Of course we do not have the resources to resolve the challenges that immigration has set before us. Instead, we have spent trillions of our taxes dollars and will continue to do so as we add to the tally of the thousands of lives of our young women and men lost while fighting in the ill-advised wars in the Middle East and in Afghanistan. We throw away billions of dollars to corrupt foreign leaders and yet we cannot find a solution to the complexity of immigration. I was under the impression that the “smart Latinos” who align with the Tea Party, Senators Cruz and Rubio had the answer. All I have heard from these two, along with Texas Senator Cornyn, and Texas Governor Rick Perry, amounts to the dust devils that result from heated winds in the Texas Panhandle that cause a momentary disruption in a good day’s work and not much else. They are just blowing hot wind.

The simple minds at work on a solution are not up to the task since they would rather be bombastic and venomous in their rhetoric rather than thoughtful and insightful. We need to be more engaged in strategic thinking within the context of a worldview to solve the problem of immigration.

Milton Bearden, in a 2001 article in Foreign Affairs, referred to Afghanistan as the “Graveyard of Empires.” Afghanistan is an unruly nation that has seen the ancient Greeks, Romans, the Mongols, the British, the French, and the Russians, before the United States; send thousands of their troops to their death in the vast deserts and mountain ranges of a rather geographically expansive territory. I recall reading an article in National Geographic about the remnants of the weapons scattered throughout the vast expanse of Afghanistan as a testament to the failure of misguided foreign policy. Barbara Tuckman referred to such idiocy as the “March of Folly.”

It appears to me that we are allowing our nation’s political hubris dictate a foreign policy that will have us go back to Iraq and maintain our soldiers in Afghanistan and Pakistan while ignoring our neighboring nations, south of the Rio Grande/Rio Bravo. These policies, I believe, will result in these nations becoming the next source of exploitation by extremists and leads to economic and political deprivation that is now showing up on our southern borders in the innocent niños who are trying to escape the horrors and chaos in their homeland.

From what I can surmise, all of the elected officials, who had all of the right answers during their campaigns, are now clueless. I challenge those on the right and the left to consider America first before their own shortsighted agendas and those of the lobbyists who compete to control them.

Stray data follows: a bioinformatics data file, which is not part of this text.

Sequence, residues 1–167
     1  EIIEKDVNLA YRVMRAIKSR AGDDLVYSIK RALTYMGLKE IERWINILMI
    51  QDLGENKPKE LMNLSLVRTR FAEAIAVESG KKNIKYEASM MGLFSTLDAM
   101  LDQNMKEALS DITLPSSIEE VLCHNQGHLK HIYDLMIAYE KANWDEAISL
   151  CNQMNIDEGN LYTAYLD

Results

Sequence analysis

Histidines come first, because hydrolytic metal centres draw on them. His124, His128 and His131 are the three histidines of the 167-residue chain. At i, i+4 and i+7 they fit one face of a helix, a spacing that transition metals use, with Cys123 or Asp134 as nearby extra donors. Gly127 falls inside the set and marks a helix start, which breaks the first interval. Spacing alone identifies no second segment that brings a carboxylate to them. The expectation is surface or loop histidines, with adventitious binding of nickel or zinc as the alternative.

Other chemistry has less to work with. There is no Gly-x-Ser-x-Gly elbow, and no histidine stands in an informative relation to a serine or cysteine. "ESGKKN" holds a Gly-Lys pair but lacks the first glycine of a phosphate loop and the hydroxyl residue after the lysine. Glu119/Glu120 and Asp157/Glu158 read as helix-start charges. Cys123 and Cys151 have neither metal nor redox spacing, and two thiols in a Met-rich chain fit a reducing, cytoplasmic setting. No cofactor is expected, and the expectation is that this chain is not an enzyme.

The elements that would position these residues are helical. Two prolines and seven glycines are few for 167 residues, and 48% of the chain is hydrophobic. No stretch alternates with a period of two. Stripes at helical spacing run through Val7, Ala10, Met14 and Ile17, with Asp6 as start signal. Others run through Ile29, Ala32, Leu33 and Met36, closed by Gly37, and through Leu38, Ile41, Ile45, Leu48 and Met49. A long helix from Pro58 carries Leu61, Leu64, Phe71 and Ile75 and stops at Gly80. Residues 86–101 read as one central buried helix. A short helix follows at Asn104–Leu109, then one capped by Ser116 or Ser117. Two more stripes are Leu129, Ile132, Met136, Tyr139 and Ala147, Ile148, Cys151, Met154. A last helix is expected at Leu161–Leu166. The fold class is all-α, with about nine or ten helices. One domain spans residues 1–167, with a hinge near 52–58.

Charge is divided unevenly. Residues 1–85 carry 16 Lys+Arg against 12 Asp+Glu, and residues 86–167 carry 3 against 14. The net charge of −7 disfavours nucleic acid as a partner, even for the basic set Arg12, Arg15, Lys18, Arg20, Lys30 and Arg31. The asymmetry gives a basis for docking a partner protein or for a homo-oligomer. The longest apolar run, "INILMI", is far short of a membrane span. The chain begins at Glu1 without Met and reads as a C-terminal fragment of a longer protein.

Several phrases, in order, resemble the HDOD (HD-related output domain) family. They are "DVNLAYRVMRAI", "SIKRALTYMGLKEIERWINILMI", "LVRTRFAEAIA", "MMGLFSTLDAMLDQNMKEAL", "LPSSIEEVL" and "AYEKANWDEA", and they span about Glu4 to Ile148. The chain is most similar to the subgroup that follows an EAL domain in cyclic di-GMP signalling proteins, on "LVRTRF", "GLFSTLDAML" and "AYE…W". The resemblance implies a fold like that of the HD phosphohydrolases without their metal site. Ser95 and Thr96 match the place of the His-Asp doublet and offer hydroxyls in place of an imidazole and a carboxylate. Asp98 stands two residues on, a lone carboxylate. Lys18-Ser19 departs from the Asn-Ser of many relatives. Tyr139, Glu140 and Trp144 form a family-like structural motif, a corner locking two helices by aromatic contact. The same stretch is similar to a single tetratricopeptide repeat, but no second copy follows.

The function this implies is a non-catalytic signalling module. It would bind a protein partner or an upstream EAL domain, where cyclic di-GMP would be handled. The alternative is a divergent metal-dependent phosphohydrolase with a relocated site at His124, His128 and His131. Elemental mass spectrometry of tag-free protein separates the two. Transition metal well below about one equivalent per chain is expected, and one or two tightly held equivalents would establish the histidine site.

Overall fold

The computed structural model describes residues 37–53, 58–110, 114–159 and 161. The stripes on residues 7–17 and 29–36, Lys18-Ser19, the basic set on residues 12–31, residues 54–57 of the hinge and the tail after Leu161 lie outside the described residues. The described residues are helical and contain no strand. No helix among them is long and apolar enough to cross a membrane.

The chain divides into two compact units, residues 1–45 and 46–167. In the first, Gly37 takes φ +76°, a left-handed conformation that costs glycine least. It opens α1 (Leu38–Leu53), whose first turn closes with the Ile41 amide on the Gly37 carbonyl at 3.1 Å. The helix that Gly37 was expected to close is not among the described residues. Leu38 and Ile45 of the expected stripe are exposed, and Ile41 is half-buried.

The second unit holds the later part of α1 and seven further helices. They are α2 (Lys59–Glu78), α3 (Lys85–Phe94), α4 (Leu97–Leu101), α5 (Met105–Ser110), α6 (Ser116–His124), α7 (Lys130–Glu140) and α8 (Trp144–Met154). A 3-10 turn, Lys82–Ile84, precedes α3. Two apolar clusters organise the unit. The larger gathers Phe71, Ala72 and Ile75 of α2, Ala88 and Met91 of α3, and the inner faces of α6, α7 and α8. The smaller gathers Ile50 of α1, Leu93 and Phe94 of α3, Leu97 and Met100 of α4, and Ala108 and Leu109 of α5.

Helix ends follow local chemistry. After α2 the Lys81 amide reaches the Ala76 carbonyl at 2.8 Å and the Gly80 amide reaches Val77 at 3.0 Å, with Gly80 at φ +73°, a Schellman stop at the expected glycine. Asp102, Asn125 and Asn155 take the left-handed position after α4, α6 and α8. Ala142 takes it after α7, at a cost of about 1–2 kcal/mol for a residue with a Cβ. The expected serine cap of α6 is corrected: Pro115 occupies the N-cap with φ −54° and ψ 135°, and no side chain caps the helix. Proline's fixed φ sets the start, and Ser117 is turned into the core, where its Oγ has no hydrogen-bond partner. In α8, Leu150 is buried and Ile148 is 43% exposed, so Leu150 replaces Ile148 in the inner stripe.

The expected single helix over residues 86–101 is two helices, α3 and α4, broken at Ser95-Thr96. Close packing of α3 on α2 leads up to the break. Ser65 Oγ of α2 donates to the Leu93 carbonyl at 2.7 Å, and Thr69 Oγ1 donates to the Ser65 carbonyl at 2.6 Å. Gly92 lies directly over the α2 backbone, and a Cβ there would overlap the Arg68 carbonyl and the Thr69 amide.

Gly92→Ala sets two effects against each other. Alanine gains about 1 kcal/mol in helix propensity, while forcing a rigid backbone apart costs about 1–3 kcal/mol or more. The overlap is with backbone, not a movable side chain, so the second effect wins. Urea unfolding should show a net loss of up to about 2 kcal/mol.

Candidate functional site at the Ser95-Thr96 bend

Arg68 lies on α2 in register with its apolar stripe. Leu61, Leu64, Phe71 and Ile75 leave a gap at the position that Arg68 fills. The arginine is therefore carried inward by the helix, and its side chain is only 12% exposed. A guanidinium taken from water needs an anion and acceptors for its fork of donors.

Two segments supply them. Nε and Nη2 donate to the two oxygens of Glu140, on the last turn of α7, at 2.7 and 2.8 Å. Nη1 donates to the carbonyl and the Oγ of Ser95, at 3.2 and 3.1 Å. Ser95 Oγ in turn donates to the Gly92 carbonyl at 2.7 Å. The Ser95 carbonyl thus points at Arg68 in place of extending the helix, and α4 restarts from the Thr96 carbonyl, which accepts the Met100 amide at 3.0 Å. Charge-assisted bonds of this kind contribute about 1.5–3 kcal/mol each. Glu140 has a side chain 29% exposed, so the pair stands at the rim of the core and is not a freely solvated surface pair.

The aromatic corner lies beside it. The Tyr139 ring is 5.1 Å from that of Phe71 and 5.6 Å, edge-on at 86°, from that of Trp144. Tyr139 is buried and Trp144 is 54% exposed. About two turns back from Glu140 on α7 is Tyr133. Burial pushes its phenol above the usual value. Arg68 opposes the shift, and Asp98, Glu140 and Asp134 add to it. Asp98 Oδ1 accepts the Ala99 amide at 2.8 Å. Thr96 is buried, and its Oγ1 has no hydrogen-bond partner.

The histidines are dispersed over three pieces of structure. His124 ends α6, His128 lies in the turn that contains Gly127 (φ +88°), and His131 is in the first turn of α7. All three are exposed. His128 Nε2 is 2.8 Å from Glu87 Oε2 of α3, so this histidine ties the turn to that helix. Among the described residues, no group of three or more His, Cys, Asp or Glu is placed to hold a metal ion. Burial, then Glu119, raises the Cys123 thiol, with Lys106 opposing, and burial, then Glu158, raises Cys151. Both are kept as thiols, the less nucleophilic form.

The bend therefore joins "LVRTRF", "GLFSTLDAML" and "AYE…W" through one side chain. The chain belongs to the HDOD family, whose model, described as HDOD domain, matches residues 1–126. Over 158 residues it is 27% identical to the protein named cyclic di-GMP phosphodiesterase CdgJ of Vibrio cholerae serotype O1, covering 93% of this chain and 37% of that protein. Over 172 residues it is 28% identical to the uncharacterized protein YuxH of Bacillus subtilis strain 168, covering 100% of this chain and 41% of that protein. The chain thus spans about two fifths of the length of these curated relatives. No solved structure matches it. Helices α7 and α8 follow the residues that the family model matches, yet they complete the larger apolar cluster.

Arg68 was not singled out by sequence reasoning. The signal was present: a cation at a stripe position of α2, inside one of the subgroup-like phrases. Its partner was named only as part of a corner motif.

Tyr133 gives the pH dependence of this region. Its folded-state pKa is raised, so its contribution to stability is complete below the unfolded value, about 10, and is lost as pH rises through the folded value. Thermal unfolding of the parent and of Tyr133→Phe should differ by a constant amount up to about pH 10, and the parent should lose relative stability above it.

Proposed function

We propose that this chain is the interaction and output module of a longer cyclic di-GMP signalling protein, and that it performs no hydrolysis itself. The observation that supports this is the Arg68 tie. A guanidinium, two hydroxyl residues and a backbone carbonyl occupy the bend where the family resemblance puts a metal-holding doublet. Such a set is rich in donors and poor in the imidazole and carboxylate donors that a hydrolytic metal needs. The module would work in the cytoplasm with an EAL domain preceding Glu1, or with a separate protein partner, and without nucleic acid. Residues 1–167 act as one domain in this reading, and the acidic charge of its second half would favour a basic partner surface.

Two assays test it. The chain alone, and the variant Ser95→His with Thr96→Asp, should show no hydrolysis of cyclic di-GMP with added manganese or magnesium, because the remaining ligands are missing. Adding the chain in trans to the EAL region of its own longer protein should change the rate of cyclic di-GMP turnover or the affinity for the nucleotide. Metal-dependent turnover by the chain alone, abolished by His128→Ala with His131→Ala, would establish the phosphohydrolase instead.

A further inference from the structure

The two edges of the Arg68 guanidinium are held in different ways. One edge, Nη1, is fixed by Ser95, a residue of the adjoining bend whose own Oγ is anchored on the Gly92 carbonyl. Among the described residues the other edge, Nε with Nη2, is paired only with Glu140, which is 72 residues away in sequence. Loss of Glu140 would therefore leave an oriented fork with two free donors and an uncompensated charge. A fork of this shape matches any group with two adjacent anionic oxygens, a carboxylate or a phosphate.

Yes, Sarah Palin, we too are Americans, from the most northern Tundra of Canada to Tierra de Fuego in the most southern tip of Argentina. Our nation has not paid sufficient attention to the Americas and its potential. We would rather spend our resources attempting to seed democracy in the Middle East, Afghanistan and Pakistan where these tribes have been engaged in war, many based on blood feuds, since the times of Abraham. Did we not learn any lessons from our misguided war and misspent resources and lives in Korea, Viet Nam, and Iraq? Sometimes we need to realize that our future is linked to a vertical geography that touches the thirty-six nations that make up the Americas.

I posit that the future of our nation’s security is grounded in what we do or fail to do to expand economic opportunity in our own backyard, the Americas. The Tea Party, Dan Patrick, Senator Cornyn and the governor of Texas can be certain that this flow of immigrants, or the “hordes’ as they refer to them, will continue as long as their policy vision extends only to the tip of their nose. And yes, these niños will continue coming to America.

Baltazar Acevedo y Arispe, Jr., Ph.D., is a Chicano activist, writer and researcher. He left UT-Pan American as a tenured professor of leadership and research in 2012. His research is directed at exploring quality of life issues that impact the Mexican American community, principally in Texas and the Southwest. He writes regularly for the Rio Grande Guardian. He resides in Waco, Texas and Corrales, New Mexico.